Friday Morning Bookclub

October 14, 2010

The Friday Morning Bookclub Gives My Name is Mary Sutter 3 3/4 Omelets

Filed under: My Name Is Mary Sutter,Polls,Rate The Book — susanbright @ 10:19 am

Amazon readers gave My Name is Mary Sutter 4 stars

Barnes and Noble readers gave My Name is Mary Sutter 4 stars

Mary is a a young midwife who aspires to be a doctor during the Civil War. After being turned down from medical school and losing the man she loves to her sister,  Mary takes matters into her own hands and heads to D.C. to offer her assistance to the war effort. I love historical fiction, yet have read very little about the Civil War. Although somewhat predictable, I found My Name is Mary Sutter an interesting read.

October 13, 2010

My Name is Mary Sutter: A Review By Bonnie

Filed under: Book Discussions,Book Recomendations,My Name Is Mary Sutter — susanbright @ 4:36 pm

            My Name is Mary Sutter is a story of one woman’s determination. A young woman, named Mary Sutter, her twin sister and their brother grew up around the time of the Civil War in America.  Mary followed in her mother’s footsteps becoming a midwife but was not content with this. She wanted to become a surgeon at a time when there were no woman doctors. She applied to Medical School and was rejected so she questioned a surgeon about interning with him so she could learn and again, the answer was no. Mary traveled to Washington from Buffalo to work as a nurse in the war. She started at the bottom, scrubbing floors, moving up to bandaging wounds, then to assisting with amputations. There were so many horrific injuries that eventually Mary had to begin performing amputations on her own to save soldiers’ lives. After gaining much respect in the medical field she finally was admitted to Medical School and became the doctor she always wanted to become.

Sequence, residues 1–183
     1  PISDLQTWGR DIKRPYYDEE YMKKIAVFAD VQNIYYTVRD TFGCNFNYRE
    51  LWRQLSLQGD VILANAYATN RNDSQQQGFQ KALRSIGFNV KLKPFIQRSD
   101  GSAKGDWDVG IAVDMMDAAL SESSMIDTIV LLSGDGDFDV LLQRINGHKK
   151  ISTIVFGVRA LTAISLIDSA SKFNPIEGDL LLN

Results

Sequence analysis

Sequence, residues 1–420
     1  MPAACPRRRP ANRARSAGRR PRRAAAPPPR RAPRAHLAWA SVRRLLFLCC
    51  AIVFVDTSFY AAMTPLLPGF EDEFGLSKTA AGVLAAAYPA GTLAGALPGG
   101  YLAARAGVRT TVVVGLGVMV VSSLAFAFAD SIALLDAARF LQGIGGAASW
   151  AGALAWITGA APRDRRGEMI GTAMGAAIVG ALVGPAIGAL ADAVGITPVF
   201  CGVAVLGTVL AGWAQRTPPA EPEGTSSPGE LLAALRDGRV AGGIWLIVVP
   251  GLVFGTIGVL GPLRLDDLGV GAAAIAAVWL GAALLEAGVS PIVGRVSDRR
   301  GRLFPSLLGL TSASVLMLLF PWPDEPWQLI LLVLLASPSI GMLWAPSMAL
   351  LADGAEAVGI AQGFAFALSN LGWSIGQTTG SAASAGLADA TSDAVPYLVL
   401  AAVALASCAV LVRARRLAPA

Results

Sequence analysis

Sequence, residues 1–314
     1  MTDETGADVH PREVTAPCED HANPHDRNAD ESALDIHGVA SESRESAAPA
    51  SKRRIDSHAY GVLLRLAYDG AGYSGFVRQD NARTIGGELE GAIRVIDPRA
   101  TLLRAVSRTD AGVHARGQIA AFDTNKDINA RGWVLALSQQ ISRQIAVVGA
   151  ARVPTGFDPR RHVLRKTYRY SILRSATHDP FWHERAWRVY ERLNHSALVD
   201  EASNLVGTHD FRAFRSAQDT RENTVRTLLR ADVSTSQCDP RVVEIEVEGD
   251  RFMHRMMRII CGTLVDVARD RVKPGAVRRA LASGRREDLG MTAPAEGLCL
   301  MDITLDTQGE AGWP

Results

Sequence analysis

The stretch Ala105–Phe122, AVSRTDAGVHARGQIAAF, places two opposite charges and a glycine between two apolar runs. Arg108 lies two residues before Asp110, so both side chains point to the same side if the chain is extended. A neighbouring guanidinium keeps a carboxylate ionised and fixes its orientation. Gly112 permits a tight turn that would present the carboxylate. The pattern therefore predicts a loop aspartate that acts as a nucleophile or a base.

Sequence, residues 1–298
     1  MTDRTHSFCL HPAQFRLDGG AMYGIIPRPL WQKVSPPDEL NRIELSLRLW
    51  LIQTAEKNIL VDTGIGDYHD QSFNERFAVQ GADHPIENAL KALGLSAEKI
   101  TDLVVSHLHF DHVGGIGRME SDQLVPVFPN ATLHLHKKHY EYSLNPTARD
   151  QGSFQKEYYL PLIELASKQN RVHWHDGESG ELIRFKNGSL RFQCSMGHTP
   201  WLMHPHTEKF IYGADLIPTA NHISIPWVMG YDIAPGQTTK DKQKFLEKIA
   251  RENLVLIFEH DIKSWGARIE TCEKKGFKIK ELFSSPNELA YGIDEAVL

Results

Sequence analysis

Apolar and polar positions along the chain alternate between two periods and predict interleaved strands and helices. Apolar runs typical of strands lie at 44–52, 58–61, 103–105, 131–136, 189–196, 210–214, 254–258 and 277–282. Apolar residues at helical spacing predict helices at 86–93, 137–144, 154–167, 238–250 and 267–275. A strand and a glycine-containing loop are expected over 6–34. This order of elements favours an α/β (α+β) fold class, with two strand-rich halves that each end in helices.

Mary was unlucky in love, which took a back seat to her intense love of medicine and only after obtaining her goal did, she at last find love with the very doctor she had worked so closely with during the war. This was an interesting  book about family dynamics, the liberation of women’s rights and romantic love all in one story.

October 7, 2010

My Name Is Mary Sutter: The Real Dorothea Dix

Filed under: Historical Fiction,My Name Is Mary Sutter — susanbright @ 11:55 am

As in this month’s book, Dorothea Dix served as the Union’s Superintendent of female nurses during the Civil War. Dix was born in 1802 in Hampden, Maine. She was self-educated, became a teacher, and even opened her own school for girls.  Dix was involved in working to improve the treatment of mentally ill patients for more than 20 years, and was  instrumental in opening the first public mental hospital.  At the age of 59, on the onset of the war, she volunteered to work for the Union. Dix was appointed in June 1961 and was in charge of the Union army nurses throughout the war.  “Dragon Dix” was known to  accept only plain women over the age of 30  and required that the 3,000+ nurses wore simple black or brown skirts, and no jewelry.  After the war she returned to working to help the mentally ill.  Dorothea Dix was included in the Great American Stamp Collection and  in 1993 her picture appeared on a 1 cent stamp. 

http://www.civilwarhome.com/dixbio.htm

http://en.wikipedia.org/wiki/Dorothea_Dix

http://www.east-buc.k12.ia.us/01_02/NW/dd/dd.htm

October 6, 2010

My Name Is Mary Sutter- Interesting Facts About The First Female Doctor